By Kollel Guy
This story illustrates the sheer power of just being a decent person. I wanted to share it because of the powerful lessons that can be learned from it.
Rav Dovid Kresh, the menahel and 9th grade rebbi at Yeshivas Novominsk, was in Shop Rite in Liberty, NY, last Sunday evening. As he prepared to exit the parking lot, his car scraped into another parked car and made a sizeable dent in it. His thoughts could have been to just drive away. After all, who would know the difference? Nevertheless, he decided to wait until the owner of the car arrived.
He waited for a half an hour until the owner finally appeared. He was an elderly man, an old Jewish resident of the Catskills who called himself Robert. He has been living in the Catskills for years and was not religious.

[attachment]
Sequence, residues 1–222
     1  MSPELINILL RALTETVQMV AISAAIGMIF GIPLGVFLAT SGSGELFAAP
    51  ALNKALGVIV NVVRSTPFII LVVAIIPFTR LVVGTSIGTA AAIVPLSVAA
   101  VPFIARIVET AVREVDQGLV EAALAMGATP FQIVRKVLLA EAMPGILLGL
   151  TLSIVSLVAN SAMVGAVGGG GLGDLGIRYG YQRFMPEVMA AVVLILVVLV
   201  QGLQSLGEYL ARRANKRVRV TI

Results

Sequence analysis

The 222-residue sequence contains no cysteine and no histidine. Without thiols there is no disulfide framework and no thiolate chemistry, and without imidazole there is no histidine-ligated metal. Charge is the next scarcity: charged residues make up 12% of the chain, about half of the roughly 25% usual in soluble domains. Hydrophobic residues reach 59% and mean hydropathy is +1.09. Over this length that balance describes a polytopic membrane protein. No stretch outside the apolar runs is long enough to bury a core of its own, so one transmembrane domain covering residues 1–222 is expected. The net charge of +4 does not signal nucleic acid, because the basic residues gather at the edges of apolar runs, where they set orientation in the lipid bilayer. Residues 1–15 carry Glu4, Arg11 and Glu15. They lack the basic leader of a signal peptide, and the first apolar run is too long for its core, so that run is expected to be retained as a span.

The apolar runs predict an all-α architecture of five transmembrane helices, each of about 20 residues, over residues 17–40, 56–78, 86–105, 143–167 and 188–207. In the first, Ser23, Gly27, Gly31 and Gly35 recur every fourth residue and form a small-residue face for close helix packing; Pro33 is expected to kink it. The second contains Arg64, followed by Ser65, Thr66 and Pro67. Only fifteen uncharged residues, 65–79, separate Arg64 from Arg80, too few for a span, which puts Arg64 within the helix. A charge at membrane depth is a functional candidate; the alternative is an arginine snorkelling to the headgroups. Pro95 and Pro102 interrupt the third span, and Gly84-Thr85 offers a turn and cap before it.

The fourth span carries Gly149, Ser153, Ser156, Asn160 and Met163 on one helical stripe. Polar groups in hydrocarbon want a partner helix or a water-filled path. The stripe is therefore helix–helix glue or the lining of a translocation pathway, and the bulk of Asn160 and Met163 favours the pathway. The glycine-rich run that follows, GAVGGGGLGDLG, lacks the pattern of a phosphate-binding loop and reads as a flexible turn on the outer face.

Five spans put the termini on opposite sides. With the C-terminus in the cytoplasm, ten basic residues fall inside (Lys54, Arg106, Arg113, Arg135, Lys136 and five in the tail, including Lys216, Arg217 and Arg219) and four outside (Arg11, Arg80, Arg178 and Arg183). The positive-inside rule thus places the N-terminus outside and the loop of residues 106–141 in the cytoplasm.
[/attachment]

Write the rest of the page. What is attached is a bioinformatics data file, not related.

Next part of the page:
Rav Kresh apologized and gave him whatever money he had on him, which amounted to $500. He told Robert that whatever extra it costs he would give him the next day, as he did not have the cash at that moment. Robert agreed, and drove off in his newly dented car.
The next day in the Novominsker camp, Robert pulls up and asks for Rav Kresh. He had come to collect whatever extra the repairs costed, but now was sporting a large yarmulka on his head. “Rabbi Kresh,” he announced. “I am not Robert. My name is Reuvain. Today, after seeing your honesty and integrity, I am proud to be a Jew.”
Can anyone put a price tag on this? Surely, the reward for this Kiddush Hashem is worth far greater than the repair expense for “Reuvain’s” car.
I dare to ask, “Would you do this?”